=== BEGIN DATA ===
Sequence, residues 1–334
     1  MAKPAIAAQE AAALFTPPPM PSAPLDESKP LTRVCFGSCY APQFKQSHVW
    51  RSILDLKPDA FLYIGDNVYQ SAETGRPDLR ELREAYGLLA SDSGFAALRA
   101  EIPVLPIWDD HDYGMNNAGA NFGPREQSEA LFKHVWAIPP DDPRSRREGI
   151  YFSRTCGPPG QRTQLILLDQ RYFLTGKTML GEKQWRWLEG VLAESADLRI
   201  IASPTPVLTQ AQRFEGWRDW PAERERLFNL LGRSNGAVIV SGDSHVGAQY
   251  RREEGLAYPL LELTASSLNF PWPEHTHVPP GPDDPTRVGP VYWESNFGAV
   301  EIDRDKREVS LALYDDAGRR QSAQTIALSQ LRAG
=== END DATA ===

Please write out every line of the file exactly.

Sequence, residues 1–334
     1  MAKPAIAAQE AAALFTPPPM PSAPLDESKP LTRVCFGSCY APQFKQSHVW
    51  RSILDLKPDA FLYIGDNVYQ SAETGRPDLR ELREAYGLLA SDSGFAALRA
   101  EIPVLPIWDD HDYGMNNAGA NFGPREQSEA LFKHVWAIPP DDPRSRREGI
   151  YFSRTCGPPG QRTQLILLDQ RYFLTGKTML GEKQWRWLEG VLAESADLRI
   201  IASPTPVLTQ AQRFEGWRDW PAERERLFNL LGRSNGAVIV SGDSHVGAQY
   251  RREEGLAYPL LELTASSLNF PWPEHTHVPP GPDDPTRVGP VYWESNFGAV
   301  EIDRDKREVS LALYDDAGRR QSAQTIALSQ LRAG